Have Bauers Will Travel: Trans-Border Labor Trials

The NHL’s borderlessness is an unassailable virtue — the long-standing reality that a single NHL roster can be comprised of five or seven differing nationalities, all united in a common competitive cause. And yet as players move in significant volume as they did with last week’s trade deadline, big-time bureaucratic challenges set in as the complex immigration policies of sovereign nations mandate elaborate and well scrutinized process, formal inspection, and adjudication for players’ work eligibility. Media accounts briefly and generally allude to individual player’s visa challenges, but always without in-depth explanation. Fans are left to wonder: after a player in Canada is acquired via trade, just when will he arrive and dress and help out his new team? And why the delays?
The Capitals with their deadline frenzy last week had to navigate the protocols put in place by Congress, the U.S. State Department, and the Department of Homeland Security. Sergei Fedorov, a Russian national, was already in possession of a work visa while skating for the Columbus Blue Jackets, but Matt Cooke and Cristobal Huet, both laboring in Canada, necessarily had to navigate America’s immigration bureaucracy; that both were dressed in their new sweaters and helping out their new teammates by last weekend is a testament to the timely and detail-oriented work of the Capitals, the respective players’ agents, and likely some semblance of accommodation on the part of the U.S. government.
I had a chance this week to chat with Jessica Vaughan, senior policy analyst at the Center for Immigration Studies here in D.C., and find out a little about the basics involved with such player movement. If you’re really intrigued by the mechanics of the international hockey player (and fan) movement process, the bible for it is Siskind’s site for immigration and visa law review. (Warning: as with the U.S. immigration code generally, it’s not for the feint of law degree.)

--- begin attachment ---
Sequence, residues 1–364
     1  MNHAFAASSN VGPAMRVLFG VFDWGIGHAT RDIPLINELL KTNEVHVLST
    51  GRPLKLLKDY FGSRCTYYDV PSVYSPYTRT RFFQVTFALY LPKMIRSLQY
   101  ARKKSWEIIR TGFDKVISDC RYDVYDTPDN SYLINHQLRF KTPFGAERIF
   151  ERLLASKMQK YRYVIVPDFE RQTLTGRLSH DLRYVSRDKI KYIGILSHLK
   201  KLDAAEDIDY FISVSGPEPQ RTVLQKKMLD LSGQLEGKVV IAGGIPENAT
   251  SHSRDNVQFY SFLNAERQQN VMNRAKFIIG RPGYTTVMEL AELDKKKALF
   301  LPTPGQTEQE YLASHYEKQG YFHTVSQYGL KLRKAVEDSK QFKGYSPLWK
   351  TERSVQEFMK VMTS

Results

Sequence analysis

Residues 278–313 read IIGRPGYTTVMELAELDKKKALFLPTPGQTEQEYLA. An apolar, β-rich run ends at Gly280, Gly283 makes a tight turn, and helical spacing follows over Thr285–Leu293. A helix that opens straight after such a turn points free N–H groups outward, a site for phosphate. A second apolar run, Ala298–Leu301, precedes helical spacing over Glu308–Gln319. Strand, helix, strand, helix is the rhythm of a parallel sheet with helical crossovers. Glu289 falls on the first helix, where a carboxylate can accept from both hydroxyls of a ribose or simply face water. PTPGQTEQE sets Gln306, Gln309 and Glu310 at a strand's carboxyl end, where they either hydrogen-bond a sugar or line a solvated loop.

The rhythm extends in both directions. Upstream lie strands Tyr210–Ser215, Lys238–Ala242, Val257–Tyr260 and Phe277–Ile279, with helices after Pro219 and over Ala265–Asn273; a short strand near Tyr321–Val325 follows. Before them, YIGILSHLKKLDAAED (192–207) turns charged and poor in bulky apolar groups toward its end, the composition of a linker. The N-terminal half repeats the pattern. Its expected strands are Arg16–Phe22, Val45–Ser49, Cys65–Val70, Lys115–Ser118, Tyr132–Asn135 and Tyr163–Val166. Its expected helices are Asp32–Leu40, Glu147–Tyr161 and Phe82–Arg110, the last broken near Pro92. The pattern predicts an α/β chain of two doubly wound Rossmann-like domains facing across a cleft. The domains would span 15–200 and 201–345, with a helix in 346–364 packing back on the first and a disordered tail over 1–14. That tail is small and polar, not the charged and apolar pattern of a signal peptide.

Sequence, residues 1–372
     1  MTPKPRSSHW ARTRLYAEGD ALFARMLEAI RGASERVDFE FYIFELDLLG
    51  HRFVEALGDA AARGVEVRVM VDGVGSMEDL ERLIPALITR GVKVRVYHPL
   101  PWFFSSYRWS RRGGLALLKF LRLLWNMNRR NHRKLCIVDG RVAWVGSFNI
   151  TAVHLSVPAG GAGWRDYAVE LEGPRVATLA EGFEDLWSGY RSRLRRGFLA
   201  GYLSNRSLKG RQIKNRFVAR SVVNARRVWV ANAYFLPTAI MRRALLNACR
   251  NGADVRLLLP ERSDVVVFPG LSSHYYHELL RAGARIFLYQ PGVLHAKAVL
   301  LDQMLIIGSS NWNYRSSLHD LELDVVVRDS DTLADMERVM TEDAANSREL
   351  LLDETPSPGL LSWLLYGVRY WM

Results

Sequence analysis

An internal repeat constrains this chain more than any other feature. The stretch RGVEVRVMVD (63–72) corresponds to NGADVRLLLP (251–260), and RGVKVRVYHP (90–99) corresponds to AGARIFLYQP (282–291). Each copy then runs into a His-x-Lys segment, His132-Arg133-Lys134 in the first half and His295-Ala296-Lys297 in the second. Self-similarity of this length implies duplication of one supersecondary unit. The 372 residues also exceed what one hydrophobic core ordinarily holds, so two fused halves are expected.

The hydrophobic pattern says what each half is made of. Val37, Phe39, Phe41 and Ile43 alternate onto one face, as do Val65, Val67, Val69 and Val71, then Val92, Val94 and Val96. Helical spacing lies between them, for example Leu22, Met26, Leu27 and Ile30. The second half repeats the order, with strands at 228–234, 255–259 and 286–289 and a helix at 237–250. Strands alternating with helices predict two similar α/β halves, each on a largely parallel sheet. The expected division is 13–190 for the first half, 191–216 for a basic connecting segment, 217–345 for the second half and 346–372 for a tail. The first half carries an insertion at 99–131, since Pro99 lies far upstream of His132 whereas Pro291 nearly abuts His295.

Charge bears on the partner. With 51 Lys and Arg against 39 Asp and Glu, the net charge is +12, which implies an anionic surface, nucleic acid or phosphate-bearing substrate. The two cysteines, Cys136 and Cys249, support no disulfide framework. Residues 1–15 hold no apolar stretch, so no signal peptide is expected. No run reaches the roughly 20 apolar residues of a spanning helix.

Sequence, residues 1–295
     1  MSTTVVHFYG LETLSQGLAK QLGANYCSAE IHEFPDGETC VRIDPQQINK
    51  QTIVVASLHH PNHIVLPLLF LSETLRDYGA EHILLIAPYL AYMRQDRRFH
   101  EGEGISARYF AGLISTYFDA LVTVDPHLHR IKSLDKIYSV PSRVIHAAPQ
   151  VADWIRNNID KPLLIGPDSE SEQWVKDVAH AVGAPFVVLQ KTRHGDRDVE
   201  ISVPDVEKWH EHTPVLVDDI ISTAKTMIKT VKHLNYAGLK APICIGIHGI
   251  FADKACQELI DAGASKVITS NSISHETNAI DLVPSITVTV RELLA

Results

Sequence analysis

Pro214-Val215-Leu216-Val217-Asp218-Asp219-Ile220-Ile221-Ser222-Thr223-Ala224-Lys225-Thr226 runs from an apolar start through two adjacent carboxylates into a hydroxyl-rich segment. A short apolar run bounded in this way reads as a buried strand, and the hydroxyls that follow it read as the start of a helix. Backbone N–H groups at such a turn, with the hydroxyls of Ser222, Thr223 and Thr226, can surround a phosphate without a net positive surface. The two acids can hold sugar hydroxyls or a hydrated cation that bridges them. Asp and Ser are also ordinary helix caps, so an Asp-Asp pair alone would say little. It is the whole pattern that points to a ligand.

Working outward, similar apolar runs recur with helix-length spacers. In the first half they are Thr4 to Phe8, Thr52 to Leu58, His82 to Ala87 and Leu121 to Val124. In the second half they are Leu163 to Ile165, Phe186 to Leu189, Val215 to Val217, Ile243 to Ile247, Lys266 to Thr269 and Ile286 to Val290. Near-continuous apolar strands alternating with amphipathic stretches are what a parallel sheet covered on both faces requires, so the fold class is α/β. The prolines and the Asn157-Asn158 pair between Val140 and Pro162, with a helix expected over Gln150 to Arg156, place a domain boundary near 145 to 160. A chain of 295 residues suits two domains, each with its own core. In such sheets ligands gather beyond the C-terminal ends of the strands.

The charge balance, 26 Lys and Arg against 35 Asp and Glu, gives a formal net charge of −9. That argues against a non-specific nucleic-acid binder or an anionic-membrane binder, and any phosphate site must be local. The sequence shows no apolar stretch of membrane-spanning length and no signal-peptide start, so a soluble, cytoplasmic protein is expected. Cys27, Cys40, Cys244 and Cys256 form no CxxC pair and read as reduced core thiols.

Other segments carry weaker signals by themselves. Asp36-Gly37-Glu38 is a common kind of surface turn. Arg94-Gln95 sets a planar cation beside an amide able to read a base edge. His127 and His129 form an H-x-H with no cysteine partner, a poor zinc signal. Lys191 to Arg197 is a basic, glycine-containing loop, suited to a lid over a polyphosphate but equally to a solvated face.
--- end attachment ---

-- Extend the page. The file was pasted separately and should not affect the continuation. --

From my conversation with Vaughan I learned that there are three basic principles guiding the process of border crossing for puck movers. First, while it’s true that most hockey-breeding nations such as Canada are part of the U.S. government’s Visa Waiver Program, (Russia however is not), it’s one thing to enter and visit the United States and quite another to work here. Labor here requires a specialized, well-documented, and well scrutinized category of admission, whereas entry for tourism, for instance, for nationals from Visa Waiver nations requires only a passport.
The second principle of admission is that foreign athletes — like foreign entertainers — ultimately will return to their home countries, and so they enter in America’s non-immigrant categories. For all practical purposes this means that international hockey players enter the U.S. most commonly under the ‘P’ visa — “Ordinary athlete or entertainer” — but also can avail themselves of the ‘O’ visa — “Extraordinary worker.” Individual players, typically represented by their agents, initiate petitions for these visas, but teams can as well.
“The State Department would expedite paperwork to the extent it can,” Vaughan told me, “however, DHS must approve the petitions, and they are not nearly as efficient as State.”
“Delays can occur for a variety of reasons — the [player] agent or athlete didn’t fill out all the paperwork correctly or completely; if the athlete has had any brush with the law, he/she might have to apply for a waiver, which can take a couple of weeks to process. If they have any criminal record, usually they don’t want that to be public, so the agent/press person will blame it on bureaucracy.
“I believe many of the ‘hassles’ reported by artists, entertainers, etc., are more due to incompetency on the part of agents or lawyers messing up applications than government inefficiency. The rules are pretty clear, and if these agents are worth their fees, they should know how to get it done right,” she claimed. That brings up principle three: have your papers in order; after all, players in hockey and other professional sports can be traded at a moment’s notice.